by Head Balance Method. Neglecting all losses other than those due to friction.

1km
300l/s
0.4m
1km
1000l/s

0.5m
1.25km
700l/s

LOOP I

0.25
m
1.1k
m
100l
/s

LOOP II

0.4m
1.25km
200l/s

0.2m
0.7km
100l/s

0.3m
1km
200l/s

Head loss due to friction is given by Darcy’s formula.
so that

h f  KQ 2 .

hf 

fLQ 2
fL
. Let K 
5
3.03d
3.03d 5

Solution:
1)
2)
3)
4)
5)
6)

Identify loops and allocate the estimate flows.
Calculate the value of K.
Calculate h. The sign of h must follow Q as head losses are according to the direction of flow.
Calculate h/Q.
Calculate Q.
For pipe BE (Loop I), Qnew = Q Assumed  QLoop I  QLoop II
For pipe BE (Loop II), Qnew = Q Assumed

TRIAL 1 Loop I
Pipe Diameter
(m)
FA
0.30
AB
0.40
BE
0.25
EF
0.40

Length
(m)
1000
1250
1100
1000

 QLoop II  QLoop I

K = fL/3.03d

5

1358.16
402.87
3717.49
322.30

Q  

h
2 (h/Q)

Assumed Q
-3 3
x10 m /s
-300.00
200.00
100.00
-1000.00
Sum :

h=KQlQl
(m)
-122.234
16.115
37.175
-322.300
-391.244

h/Q
Qnew
-3 3
(m/m³/s) x10 m /s
407.447 -134.51
80.575
365.49
371.750
236.68
322.300 -834.51
1182.072

h=KQlQl
(m)
-37.175
72.195
-54.326
-64.685
-83.991

h/Q
Qnew
-3 3
(m/m³/s) x10 m /s
371.750 -236.68
721.950
128.81
271.630 -171.19
92.407
-671.19
1457.737

h=KQlQl
(m)
-24.573
53.817
208.244
-224.452
13.036

h/Q
Qnew
-3 3
(m/m³/s) x10 m /s
182.685 -138.92
147.246
361.08
879.855
188.22
268.963 -838.92
1478.749

=- (-391.244/2*1182.072)
3
=
0.16549m /s
=
165.49l/s
Loop II
Pipe Diameter
(m)
EB
0.25
BC
0.20
CD
0.30
DE
0.50

Length
(m)
1100
700
1000
1250

K = fL/3.03d

5

3717.49
7219.47
1358.16
132.01

Q  

h
2 (h/Q)

Assumed Q
-3 3
x10 m /s
-100.00
100.00
-200.00
-700.00
Sum :

=- (-83.991/2*1457.737)
3
=
0.02881m /s
=
28.81l/s
TRIAL 2 Loop I
Pipe Diameter
(m)
FA
0.30
AB
0.40
BE
0.25
EF
0.40

Length
(m)
1000
1250
1100
1000

K = fL/3.03d
1358.16
402.87
3717.49
322.30

Q  

h
2 (h/Q)

5

Assumed Q
-3 3
x10 m /s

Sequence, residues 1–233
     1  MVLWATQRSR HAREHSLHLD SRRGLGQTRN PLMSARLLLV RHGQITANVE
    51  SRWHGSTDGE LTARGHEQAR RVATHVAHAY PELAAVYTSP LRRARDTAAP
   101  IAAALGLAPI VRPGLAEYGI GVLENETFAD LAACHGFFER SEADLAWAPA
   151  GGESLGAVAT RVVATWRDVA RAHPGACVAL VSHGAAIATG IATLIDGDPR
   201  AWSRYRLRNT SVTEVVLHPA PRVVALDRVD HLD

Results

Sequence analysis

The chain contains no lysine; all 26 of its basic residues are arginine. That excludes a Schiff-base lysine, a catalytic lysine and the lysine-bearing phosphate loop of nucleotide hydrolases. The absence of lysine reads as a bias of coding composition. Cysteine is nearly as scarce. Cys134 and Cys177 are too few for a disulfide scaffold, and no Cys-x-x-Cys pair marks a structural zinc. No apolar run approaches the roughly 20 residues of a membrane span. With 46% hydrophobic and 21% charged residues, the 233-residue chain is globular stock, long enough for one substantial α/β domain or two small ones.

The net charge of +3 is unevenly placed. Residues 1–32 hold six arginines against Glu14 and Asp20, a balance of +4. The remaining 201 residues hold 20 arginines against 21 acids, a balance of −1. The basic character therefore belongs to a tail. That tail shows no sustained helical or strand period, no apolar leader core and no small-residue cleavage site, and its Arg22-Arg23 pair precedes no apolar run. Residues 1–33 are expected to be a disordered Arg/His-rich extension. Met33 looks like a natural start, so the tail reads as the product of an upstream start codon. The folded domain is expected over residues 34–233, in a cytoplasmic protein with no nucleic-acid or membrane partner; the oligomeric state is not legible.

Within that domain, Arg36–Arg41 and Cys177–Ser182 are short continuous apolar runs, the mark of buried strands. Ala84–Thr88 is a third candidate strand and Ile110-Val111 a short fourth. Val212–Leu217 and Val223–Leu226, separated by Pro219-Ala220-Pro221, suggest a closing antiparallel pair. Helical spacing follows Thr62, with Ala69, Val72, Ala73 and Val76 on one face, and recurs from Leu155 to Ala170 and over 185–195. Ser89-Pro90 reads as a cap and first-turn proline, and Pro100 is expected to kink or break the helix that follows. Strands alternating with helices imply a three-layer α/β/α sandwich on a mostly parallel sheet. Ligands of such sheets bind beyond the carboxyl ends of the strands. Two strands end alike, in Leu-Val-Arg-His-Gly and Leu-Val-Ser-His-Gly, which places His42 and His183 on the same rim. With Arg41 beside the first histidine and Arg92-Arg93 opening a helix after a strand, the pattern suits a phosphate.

-134.51
365.49
236.68
-834.51
Sum :

=- (13.036/2*1478.749)
3
=
-0.00441m /s
=
-4.41l/s

Loop II
Pipe Diameter
(m)
EB
0.25
BC
0.20
CD
0.30
DE
0.50

5

Length
(m)
1100
700
1000
1250

K = fL/3.03d
3717.49
7219.47
1358.16
132.01

Q  

h
2 (h/Q)

Assumed Q
-3 3
x10 m /s
-236.68
128.81
-171.19
-671.19
Sum :

h=KQlQl
(m)
-208.244
119.786
-39.802
-59.470
-187.730

h/Q
Qnew
-3 3
(m/m³/s) x10 m /s
879.855 -188.22
929.943
172.86
232.502 -127.14
88.604
-627.14
2130.904

h=KQlQl
(m)
-26.211
52.526
131.699
-226.830
-68.816

h/Q
Qnew
-3 3
(m/m³/s) x10 m /s
188.677 -112.54
145.469
387.46
699.708
216.91
270.383 -812.54
1304.237

h=KQlQl
(m)
-131.699
215.722
-21.954
-51.920
10.149

h/Q
Qnew
-3 3
(m/m³/s) x10 m /s
699.708 -216.91
1247.958 170.56
172.676 -129.44
82.789
-629.44
2203.131

=- (-187.73/2*2130.904)
3
=
0.04405m /s
=
44.05l/s
TRIAL 3 Loop I
Pipe Diameter
(m)
FA
0.30
AB
0.40
BE
0.25
EF
0.40

Length
(m)
1000
1250
1100
1000

K = fL/3.03d

5

1358.16
402.87
3717.49
322.30

Q  

h
2 (h/Q)

Assumed Q
-3 3
x10 m /s
-138.92
361.08
188.22
-838.92
Sum :

=- (-68.816/2*1304.237)
3
=
0.02638m /s
=
26.38l/s
Loop II
Pipe Diameter
(m)
EB
0.25
BC
0.20
CD
0.30
DE
0.50

Length
(m)
1100
700
1000
1250

K = fL/3.03d
3717.49
7219.47
1358.16
132.01

Q  

h
2 (h/Q)

5

Assumed Q
-3 3
x10 m /s
-188.22
172.86
-127.14
-627.14
Sum :

=- (10.149/2*2203.131)
3
=
-0.00230m /s
=
-2.30l/s
=- (5.399/2*1377.182)
3
=
-0.00196m /s
=
-1.96l/s